In early December 1967, workmen discovered what they thought was a lump of scrap metal while bulldozing a new road at The Tene. A second object seemed more interesting and they recovered it undamaged, selling it for £5. The new owner showed it to Leslie Matthews of the Manshead Archaeological Society in Dunstable, who immediately recognised it as an Iron Age firedog. He contacted John Moss-Eccardt at Letchworth Museum, who in turn informed the Inspectorate of Ancient Monuments, which sent an emergency team to begin excavation on 1 January 1968. The same team also investigated the north side of Clothall Road before it was widened later in the year.
Following this unexpected discovery, the Department of the Environment made funds available to John Moss-Eccardt to excavate in advance of building work at Brewery Field. In the following year, Ian Stead, who had led the team at The Tene, returned to look at the site of the proposed new Telephone Exchange in Walls Field. He also dug a series of 135 trial trenches by bulldozer on Upper Walls Common (now the Clothall Common estate), revealing the extent of the settlement to the north-east. In 1970 and 1971, he worked on a large area on the south-western edge of the common and in 1972, moved to Walls Field, to investigate an area proposed for a new school (that was eventually built on a different site, now Hartsfield School).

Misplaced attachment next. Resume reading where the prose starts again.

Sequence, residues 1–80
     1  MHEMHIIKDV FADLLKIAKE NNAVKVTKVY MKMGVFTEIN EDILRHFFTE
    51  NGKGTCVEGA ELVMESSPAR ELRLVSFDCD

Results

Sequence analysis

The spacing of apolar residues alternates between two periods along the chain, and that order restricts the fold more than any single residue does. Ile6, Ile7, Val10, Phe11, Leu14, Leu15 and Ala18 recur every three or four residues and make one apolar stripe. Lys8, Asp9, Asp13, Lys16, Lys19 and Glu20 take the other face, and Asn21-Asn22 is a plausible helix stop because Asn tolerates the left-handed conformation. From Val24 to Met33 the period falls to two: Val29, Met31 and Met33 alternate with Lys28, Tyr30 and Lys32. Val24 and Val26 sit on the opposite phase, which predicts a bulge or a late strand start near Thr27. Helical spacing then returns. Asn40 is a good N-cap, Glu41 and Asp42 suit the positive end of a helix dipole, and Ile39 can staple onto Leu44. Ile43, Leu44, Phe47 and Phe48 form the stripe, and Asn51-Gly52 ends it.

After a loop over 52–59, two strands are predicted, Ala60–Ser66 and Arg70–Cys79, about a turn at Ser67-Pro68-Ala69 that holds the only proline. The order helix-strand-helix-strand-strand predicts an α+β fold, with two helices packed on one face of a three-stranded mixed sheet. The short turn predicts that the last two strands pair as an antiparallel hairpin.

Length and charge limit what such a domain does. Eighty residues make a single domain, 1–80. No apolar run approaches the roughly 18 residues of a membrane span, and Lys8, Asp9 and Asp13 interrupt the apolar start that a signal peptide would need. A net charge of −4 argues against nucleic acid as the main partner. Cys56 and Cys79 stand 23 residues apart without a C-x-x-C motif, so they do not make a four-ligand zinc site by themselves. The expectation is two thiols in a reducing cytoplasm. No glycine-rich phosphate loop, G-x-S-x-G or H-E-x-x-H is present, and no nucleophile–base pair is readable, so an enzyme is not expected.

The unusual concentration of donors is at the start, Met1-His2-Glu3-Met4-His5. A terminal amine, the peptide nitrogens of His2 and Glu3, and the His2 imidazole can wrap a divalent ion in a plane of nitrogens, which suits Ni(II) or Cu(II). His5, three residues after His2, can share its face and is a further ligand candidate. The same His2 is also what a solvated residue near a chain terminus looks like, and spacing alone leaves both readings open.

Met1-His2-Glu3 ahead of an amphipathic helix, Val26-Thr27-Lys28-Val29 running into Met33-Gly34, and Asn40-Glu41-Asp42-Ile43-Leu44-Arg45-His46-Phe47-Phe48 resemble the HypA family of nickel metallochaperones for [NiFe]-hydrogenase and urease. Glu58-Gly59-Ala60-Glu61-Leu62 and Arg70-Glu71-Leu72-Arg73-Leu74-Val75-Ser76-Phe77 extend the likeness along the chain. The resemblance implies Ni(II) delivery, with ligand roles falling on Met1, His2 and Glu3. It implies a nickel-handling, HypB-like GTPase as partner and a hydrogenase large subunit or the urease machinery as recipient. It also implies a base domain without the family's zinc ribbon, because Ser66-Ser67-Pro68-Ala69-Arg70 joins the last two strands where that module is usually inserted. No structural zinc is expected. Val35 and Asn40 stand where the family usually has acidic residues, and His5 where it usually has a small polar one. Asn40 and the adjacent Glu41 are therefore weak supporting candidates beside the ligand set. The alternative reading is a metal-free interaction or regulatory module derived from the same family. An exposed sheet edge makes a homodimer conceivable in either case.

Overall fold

Ian Stead is one of the foremost British archaeologists specialising in the Iron Age. As well as his work at Baldock, he conducted major excavations at Braughing, near Puckeridge on the A10 in East Hertfordshire, and at King Harry Lane in St Albans, where he discovered one of the most important Iron Age cemeteries ever excavated in this country. He worked for many years at the British Museum.